TURNAGE: Anna Nicole
TAKEMITSU: From me flows what you call time. SHOSTAKOVICH: Symphony
No. 5 in D minor
British composer Mark-Anthony Turnage, librettist Richard Thomas and director Richard Jones have collaborated on this opera about the tragic life of Anna Nicole Smith (1967-2007), American model, actress and personality. Smith was a poor student, never finished high school, worked in Wal-Mart and as a waitress where she met her first husband, Billy Smith, a union that produced a son, Daniel Wayne Smith, who died in 2006 from a drug overdose. Feeling her "career" was getting her nowhere, Smith had substantial breast implants (vividly depicted in the opera), and her appearance as a centerfold in Playboy Magazine attracted national attention. In 1991, while appearing in a Houston strip club, she met oil tycoon J. Howard Marshall who became infatuated with her . In 1994 they married; Anna was 26, Marshall was 89. He died in 1995 after being married to Anna for 13 months. His huge estate ($1.6 billion-with a "b") was contested for months in various courts, and the final ruling left nothing for Anna. Smith had a daughter in 2006, Dannielynn Hope Marshall. There was speculation about who fathered the child, but it finally was determined through DNA that he was a former boyfriend, Larry Birkhead. She died in 2007 from a drug overdose, a grotesque "celebrity" who often seemed demented. This opera recreates the life of the tragic figure, skipping quickly over the many years when the estate was in the courts and ending with the death of Anna's son and her own drug-induced demise. Turnage's score is well-suited for the subject contrasting moments of hilarity with the pathos of Anna's life. Often there are traces of Kurt Weill, with jazzy and often very bawdily suggestive Broadway-style songs and choruses. It is unfortunate Richard Thomas has elected to overemphasize the campy elements of the story. Anna Nicole Smith fits in well with other doomed operatic divas, including Carmen, Violetta and Salome. The performance is superb. Soprano Eva-Maria Westbrook is outstanding in the challenging title role, the reliable Gerald Finley is perfection as the slimy lawyer who coaxes her into degradation. Conductor Antonio Pappano again shows his expertise in the operatic world. Anna Nicole i a good show, diminished only by a few lapses into poor taste.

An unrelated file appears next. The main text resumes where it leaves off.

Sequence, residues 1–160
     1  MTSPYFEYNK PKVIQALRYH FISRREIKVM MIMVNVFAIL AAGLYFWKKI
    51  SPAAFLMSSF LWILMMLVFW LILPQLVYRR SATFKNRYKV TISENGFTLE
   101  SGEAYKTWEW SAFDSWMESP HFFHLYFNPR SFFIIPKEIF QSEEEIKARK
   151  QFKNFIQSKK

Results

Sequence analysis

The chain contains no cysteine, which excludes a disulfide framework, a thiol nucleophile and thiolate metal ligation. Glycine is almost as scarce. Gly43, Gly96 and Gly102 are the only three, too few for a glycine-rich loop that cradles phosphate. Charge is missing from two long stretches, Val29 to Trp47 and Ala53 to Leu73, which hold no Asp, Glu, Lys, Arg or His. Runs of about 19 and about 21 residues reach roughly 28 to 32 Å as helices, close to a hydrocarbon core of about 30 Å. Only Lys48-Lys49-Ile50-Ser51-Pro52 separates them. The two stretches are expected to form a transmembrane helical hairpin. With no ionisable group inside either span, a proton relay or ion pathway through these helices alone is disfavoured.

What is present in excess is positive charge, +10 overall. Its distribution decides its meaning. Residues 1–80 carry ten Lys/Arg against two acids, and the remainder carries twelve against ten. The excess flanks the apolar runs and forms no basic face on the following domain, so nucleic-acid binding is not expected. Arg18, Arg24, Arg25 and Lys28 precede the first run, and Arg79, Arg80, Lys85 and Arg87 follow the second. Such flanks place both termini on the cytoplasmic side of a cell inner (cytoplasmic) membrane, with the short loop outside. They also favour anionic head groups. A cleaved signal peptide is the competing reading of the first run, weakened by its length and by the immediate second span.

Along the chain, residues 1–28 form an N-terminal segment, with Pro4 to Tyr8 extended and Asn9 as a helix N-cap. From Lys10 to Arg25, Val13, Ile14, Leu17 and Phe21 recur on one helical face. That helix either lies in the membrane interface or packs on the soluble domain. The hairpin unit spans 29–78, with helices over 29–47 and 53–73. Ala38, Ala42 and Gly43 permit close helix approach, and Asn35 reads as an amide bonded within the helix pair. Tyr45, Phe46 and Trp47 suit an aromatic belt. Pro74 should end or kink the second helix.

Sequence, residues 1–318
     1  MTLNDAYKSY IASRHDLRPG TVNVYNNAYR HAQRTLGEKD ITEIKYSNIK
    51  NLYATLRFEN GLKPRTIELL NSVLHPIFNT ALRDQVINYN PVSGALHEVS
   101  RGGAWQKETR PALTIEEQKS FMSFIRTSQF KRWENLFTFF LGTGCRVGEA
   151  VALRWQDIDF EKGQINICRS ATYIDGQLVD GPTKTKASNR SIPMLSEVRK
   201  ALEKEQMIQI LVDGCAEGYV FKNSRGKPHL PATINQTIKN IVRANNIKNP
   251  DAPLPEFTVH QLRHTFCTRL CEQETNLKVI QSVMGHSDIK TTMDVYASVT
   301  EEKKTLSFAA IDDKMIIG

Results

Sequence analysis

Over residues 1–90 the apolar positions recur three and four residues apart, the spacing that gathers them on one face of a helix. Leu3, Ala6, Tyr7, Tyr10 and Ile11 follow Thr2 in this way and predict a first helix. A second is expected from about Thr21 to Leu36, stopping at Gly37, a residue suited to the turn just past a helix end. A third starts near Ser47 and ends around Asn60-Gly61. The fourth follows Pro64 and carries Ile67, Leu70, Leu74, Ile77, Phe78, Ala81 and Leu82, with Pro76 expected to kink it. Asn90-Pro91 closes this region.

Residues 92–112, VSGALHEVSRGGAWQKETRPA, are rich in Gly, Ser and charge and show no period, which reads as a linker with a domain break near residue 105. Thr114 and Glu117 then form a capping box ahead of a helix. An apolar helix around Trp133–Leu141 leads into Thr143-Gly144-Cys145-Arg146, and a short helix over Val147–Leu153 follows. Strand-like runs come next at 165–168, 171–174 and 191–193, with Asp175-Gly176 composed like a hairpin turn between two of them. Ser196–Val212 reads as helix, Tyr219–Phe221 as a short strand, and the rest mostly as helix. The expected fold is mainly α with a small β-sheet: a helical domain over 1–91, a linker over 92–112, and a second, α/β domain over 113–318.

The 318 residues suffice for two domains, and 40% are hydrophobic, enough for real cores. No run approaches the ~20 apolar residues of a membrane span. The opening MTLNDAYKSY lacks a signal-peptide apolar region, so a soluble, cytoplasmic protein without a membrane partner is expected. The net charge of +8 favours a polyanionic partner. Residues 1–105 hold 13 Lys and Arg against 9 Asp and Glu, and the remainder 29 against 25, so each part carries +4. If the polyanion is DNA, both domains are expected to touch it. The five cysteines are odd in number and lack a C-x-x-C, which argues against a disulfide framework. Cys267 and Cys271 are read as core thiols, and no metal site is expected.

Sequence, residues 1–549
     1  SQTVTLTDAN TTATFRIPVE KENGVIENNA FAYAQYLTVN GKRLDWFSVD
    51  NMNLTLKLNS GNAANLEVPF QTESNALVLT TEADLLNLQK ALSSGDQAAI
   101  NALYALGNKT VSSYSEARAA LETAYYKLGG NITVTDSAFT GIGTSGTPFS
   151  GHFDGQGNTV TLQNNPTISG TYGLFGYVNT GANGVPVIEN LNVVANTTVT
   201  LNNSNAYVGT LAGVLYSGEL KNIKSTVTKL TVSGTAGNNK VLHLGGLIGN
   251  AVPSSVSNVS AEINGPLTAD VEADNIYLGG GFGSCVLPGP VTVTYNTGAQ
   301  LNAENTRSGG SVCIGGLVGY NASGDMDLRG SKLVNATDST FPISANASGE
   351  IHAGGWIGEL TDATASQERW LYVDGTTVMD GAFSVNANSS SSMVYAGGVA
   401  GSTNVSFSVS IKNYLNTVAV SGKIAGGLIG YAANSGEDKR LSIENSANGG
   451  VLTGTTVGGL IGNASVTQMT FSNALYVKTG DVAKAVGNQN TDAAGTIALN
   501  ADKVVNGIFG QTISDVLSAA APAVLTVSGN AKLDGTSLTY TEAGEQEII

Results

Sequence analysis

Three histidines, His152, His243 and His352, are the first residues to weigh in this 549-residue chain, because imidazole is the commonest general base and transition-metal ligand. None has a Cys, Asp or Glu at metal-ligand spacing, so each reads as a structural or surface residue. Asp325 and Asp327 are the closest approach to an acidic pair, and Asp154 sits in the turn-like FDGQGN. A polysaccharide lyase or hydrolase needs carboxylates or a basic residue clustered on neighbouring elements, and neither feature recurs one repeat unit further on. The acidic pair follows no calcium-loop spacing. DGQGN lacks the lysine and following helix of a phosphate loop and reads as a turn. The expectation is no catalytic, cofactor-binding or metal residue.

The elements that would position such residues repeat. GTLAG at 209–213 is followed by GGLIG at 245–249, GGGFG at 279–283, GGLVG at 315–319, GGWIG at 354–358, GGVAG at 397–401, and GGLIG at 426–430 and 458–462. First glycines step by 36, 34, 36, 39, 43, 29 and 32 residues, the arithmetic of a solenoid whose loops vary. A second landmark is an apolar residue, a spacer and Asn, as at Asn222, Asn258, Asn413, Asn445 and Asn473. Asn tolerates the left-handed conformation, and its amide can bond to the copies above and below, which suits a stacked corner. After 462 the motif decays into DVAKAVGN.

Japanese conductor Yutaka Sado (b. 1961), a rising figure on the conducting scene, dreamt when he was very young that he would conduct the Berlin Philharmonic, and it happened May 20, 2011 when he led this program of Takemitsu and Shostakovich. It was an impressive occasion in every way, with full-bodied playing by the famous orchestra, and Sado in top form. Takemitu's fascinating From me flows what you call time was commissioned by Carnegie Hall for their centenary in 1990. In a way, it is a theatre piece, as in addition to three groups of percussionists on stage, there are two high above the stage each connected five colored ribbons; the colors are the same as those of the Tibetan flag, blue for water, red for fire, yellow for earth, green for wind, and white for sky. The score calls for five master percussionists, in this case players of the Berlin Philharmonic, each colorfully garbed. Although this has a few moments of massed sound, the score is basically a gentle study in tintinnabulation, and it includes several improvised sections by the soloists. The Shostakovich is given a direct, powerful reading building to a powerful climax. The bonus interview features Sado talking about his life and the music. Video and audio are excellent. This is a fine issue, highly recommended.
Kurt Weill's Rise and Fall of the City of Mahagonny already is well represented on DVD. This site mentioned a production from the Los Angeles Opera conducted by James Conlon (REVIEW), and there also is an extraordinary production from the Met taped in 1995 with James Levine on the podium and a perfect trio of leading singers: Teresa Stratas, Astrid Varnay and Richard Cassilly, also available on DVD. Mahagonny was presented in 1998 in Salzburg and now it appears on DVD. The production directed by Peter Zadek with costumes by Norma Moriceau and rather bare sets by Richard Peduzzi. Audiences were enthusiastic, but I imagine much of this was audience loyalty to Gwyneth Jones and Catherine Malfitano, both considerably past their prime; it is a bit of a trial to hear the sounds Jones produces, although she is a dynamic presence on stage, her slight frame very different from most sopranos who specialize in Strauss and Wagner. Jerry Hadley is in fine form as Jimmy, and the supporting cast is strong. Brian Large's video direction is of his usual standard; audio is not available in multi-channel. This offers little competition to other versions mentioned.
R.E.B. (December 2011)